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  • Melissa Tamesar

What Happened to my Smooth and Tight Skin?


#LookOfLoveLashes - Collagen

If you’re anything like me, you don’t take certain pieces of information for face value. When it comes to certain topics, you like to know the technical finer details of why things are the way they are. For me, anything involving health and beauty intrigues me enough to want to know and understand the technical stuff, in spite of having an A-type personality. Working in the beauty industry, I have clients of all ages. One of the most consistent beauty topics of conversations amongst those who are 25 years and up, is about anti-aging. I have women who willingly embrace their changing skin, while others do everything they can to combat the signs of aging. To each their own. Every woman has their reason and right for feeling the way they do about their skin, as they should! Inching closer to my 30s, I too think about maintaining my smooth tight skin. Because of this, I was interested in finding out why some women’s skin age faster than others, and what is the process of aging skin.


Your skin is made up of three layers; the epidermis (top layer), dermis (second layer), hypodermis (third layer). All the wear and tear that happens in the dermis layer can be seen through the epidermis, like sun spots, and lines. The dermis plays a very important role in the health of your skin. It produces the sebaceous glands and is largely made up of elastin and collagen! The sebaceous glands are what produces oil, collagen is what makes your skin plump, and elastin is what makes your skin supple and elastic. With age, these proteins gradually become weaker and slowly diminish, however factors that speed up this process would things like smoking and loads of sun exposure without protection. The hypodermis contains elements such as blood vessels and veins (Moran, 2016). After the age of 20, the collagen production in the skin decreases by 1 percent each year, and after the age of 40 the body no longer creates collagen (Dermstore Editors, 2015). Also, in your 20s, being able to slough off dead skin cells naturally declines by 28% (Dermstore Editors, 2015).


So what does all of this mean for your skin? After reading books, articles, and watching a few videos on the biology of skin, the conclusion is that many topical creams, even the ones that are hundreds of dollars and claim to add elasticity and plumpness back into your skin, will only affect the epidermis layer. As I’ve just described to you, many of aging process takes place in the second layer of the skin, aka the dermis, which means these topical creams aren’t targeting the exact layer it needs to in order to reverse the effects of aging...that’s if you want it to be reversed. What works? I’ll go more in depth in my post next week about some of the anti-aging solutions listed, however in brief, here they are!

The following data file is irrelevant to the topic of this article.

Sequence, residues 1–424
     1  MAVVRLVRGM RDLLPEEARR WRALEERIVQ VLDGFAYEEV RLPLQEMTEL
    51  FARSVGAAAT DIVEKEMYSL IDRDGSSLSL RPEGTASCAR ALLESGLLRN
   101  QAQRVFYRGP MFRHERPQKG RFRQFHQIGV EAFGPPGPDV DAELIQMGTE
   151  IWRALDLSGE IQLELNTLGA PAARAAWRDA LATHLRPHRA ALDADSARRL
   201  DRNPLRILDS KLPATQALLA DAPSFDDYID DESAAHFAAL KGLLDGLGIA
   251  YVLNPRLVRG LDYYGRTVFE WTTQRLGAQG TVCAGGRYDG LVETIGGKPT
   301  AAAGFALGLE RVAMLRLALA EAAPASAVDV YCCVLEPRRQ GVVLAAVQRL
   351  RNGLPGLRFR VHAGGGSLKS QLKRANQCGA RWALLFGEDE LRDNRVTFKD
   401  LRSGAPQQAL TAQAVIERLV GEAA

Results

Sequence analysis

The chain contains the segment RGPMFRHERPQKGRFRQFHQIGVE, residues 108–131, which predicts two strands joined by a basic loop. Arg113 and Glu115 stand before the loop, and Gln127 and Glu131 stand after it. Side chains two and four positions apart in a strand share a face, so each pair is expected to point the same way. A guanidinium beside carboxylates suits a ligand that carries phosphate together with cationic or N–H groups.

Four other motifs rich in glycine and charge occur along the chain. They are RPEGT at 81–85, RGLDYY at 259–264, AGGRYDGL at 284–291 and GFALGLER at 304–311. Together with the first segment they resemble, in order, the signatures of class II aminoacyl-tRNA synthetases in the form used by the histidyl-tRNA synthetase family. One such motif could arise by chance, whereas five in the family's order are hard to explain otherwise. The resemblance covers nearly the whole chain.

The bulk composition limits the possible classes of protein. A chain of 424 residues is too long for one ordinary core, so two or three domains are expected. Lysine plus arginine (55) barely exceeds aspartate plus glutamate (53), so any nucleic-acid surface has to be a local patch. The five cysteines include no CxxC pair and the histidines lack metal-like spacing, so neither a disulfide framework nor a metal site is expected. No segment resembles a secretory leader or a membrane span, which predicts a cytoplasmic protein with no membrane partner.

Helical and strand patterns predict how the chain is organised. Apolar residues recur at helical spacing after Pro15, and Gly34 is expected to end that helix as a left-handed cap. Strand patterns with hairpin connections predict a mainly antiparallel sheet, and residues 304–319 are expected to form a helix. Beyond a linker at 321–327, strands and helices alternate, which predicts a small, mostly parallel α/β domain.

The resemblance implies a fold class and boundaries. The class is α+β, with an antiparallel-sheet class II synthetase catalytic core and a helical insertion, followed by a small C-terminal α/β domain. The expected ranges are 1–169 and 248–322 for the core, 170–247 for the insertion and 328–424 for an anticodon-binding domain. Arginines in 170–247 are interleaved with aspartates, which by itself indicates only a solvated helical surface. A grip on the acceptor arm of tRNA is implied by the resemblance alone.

· Retinoids

· AHA’s

· Hyaluronic Acids

· Not smoking

· Sunblock

· Exercise

· Good diet and nutrition

· Antioxidants

· Vitamin C

· Vitamin A

· Botox

· Laser Skin Rejuvenation Treatments


Just to name a few!


Hopefully now that you have a clearer understanding of how and why our skin ages you’re able to start taking the steps to maintain or regain healthy and brighter looking skin! Some of the solutions listed above aren’t for everyone, and everyone’s skin type is affected by aging differently, but these are the basics of how the three layers of skin works. After doing my research I felt very enlightened, and I hope this post does the same for you!


References


Dermstore Editors. (2015, September 21). Fine Lines and Wrinkles: When You Can Expect to Get Them. Retrieved from The Dermstore Blog: https://www.dermstore.com/blog/fine-lines-and-wrinkles/

Moran, C. (2016). Pretty Honest. London: Fourth Estate.